Bob Kuechenberg never made it to Canton, but he helped make Miami Dolphins history

by / 0 Comments / 6 View / January 13, 2019

It was the stuff of legend and lore. It could not have really happened. It had to have been embellished over time. But it did happen, and it happened 45 years ago today, on Jan. 13, 1974, in Super Bowl VIII in Houston.

That was the day Bob Kuechenberg did the impossible.

The Miami Dolphins would win that Super Bowl 24-7 largely because Kuechenberg, the stalwart guard, utterly dominated the Minnesota Vikings’ All-Pro defensive tackle Alan Page. Oh and by the way: It was later learned “Kooch” had played that entire game with a broken arm.

Robert John Kuechenberg, all-time Dolphins great, passed away Saturday night at age 71, the club announced Sunday.

Kuechenberg’s 1970-84 Miami timeline spanned most of Bob Griese’s career and the start of Dan Marino’s. He would play in 196 games, the most in franchise history after Marino and Jason Taylor. Penalty flags against Kuechenberg were almost literally an annual occurrence; he was called for holding only 15 times in his long career.

Kuechenberg was a six-time Pro Bowl selection who stands in the select company of the greatest players in franchise history to not make the Pro Football hall of Fame. He was a finalist eight straight years (2002-09), but failed every time to make the cut to the final round — much to the chagrin of his coach, who championed his cause.

“He gave you everything he had every single snap,” Don Shula, now 89, recalled Kuechenberg on Sunday. “I’ve coached a lot of Hall of Fame players, including a number of offensive linemen, and Kooch was as good as any of them. I hope one day he gets that ultimate recognition.”

The eight Hall of Famers Shula coached included center Jim Langer, guard Larry Little and and center Dwight Stephenson. Langer matched Kuechenberg’s six Pro Bowls. Little and Stephenson had five apiece.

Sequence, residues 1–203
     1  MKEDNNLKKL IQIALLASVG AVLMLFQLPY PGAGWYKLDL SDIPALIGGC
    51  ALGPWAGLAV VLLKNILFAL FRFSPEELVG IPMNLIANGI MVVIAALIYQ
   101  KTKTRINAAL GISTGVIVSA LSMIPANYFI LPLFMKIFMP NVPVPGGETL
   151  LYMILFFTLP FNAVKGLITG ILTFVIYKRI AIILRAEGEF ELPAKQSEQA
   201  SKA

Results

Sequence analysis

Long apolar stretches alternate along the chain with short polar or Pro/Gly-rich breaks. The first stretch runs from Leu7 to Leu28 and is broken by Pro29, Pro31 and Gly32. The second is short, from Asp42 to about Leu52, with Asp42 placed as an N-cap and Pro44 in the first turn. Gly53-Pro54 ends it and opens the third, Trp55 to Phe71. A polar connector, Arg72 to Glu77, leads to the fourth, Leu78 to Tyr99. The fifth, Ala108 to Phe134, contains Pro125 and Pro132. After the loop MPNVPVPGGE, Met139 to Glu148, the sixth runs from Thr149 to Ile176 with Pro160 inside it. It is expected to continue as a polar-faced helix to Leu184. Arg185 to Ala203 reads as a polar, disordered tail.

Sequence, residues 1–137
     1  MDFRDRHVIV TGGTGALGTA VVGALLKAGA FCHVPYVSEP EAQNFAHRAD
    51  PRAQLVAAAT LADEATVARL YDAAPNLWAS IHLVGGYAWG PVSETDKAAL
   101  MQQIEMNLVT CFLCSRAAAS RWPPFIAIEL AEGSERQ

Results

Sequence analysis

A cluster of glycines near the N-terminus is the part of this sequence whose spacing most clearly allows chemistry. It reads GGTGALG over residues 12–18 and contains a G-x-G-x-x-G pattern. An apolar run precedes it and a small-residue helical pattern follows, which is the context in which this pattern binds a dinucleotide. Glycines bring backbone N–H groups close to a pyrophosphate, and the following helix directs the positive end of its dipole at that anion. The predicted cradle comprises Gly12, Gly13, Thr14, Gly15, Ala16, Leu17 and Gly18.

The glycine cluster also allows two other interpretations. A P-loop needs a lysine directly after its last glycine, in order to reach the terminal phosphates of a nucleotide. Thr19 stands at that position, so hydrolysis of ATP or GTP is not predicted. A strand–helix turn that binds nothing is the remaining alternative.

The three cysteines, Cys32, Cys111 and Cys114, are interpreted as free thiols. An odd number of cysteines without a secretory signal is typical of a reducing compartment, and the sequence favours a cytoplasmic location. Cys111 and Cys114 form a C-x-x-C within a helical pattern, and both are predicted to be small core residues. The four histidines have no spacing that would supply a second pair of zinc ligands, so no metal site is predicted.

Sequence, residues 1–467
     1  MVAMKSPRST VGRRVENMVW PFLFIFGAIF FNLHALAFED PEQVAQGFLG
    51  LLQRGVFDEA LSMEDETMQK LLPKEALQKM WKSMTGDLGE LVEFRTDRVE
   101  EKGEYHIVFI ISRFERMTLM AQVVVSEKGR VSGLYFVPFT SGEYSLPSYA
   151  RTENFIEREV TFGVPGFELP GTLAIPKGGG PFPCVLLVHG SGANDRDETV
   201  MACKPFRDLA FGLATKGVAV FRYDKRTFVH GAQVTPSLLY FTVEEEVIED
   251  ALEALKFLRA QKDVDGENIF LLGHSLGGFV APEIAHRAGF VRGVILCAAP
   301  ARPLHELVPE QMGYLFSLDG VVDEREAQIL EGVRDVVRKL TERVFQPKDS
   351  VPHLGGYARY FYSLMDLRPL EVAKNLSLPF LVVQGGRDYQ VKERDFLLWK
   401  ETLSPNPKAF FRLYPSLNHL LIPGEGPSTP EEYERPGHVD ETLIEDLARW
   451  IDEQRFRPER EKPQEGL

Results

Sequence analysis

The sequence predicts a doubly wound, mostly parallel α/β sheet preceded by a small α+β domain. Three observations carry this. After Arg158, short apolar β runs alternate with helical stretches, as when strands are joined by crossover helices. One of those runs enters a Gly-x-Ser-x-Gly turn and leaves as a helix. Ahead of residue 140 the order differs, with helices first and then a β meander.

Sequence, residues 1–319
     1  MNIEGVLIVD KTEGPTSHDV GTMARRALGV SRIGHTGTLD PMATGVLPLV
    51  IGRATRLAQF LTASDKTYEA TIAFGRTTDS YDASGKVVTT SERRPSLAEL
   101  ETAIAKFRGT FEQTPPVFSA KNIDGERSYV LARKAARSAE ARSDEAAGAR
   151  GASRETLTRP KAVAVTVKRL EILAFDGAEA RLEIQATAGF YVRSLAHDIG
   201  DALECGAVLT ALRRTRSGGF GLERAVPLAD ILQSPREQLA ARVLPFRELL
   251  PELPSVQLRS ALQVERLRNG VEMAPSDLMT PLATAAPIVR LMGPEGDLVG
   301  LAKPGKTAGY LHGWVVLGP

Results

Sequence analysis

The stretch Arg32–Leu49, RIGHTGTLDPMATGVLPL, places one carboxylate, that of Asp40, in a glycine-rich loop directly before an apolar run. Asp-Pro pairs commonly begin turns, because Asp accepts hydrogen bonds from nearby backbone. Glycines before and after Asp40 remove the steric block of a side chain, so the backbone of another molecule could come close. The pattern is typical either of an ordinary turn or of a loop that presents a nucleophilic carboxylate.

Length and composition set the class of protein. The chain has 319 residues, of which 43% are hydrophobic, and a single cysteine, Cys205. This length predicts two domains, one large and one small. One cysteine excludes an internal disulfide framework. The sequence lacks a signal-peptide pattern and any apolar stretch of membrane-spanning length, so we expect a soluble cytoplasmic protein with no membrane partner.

Kuechenberg’s post-football life had its challenges and controversies. He’d been arrested in 2011 for driving while impaired, and was among 4,500 former players who sued the NFL over the incidence of brain disease among ex-players. He skipped a 2013 White House visit honoring the 1972 Perfect Season team over political odds with President Barack Obama. Kuechenberg also drew the ire of some latter-day Dolphins over his frequent criticism of the state of the current teams. Taylor once called him “grumpy.”

Kuechenberg felt he’d earned a place in Canton and was embittered by the Hall of Fame’s repeated snubs.

Rising above the controversies, though, was the epic story of a kid from Gary, Indiana, who beat the odds and enjoyed a long, successful NFL career as a two-time Super Bowl champion.

He was not considered a future pro star coming out of Notre Dame, drafted only in the fourth round in 1969 and then cut by the Philadelphia Eagles. Kooch was playing for a semipro team called the Chicago Owls when the Dolphins signed him as a free agent in 1970.

Within a few years, he was a fixture on the 17-0 champions of 1972, and the next year on the repeat-champs who beat the Vikings thanks to the guard who dominated Alan Page despite a broken arm.

Kuechenberg was inducted onto the Miami Dolphins Honor Roll in 1995, the eighth individual player so honored — and the first not already in Canton.

If you start an all-time great team of NFL players who had terrific long careers for their teams but never got the respect they deserved from Canton, make sure the Dolphins on that team start with Zach Thomas and Bob Kuechenberg.

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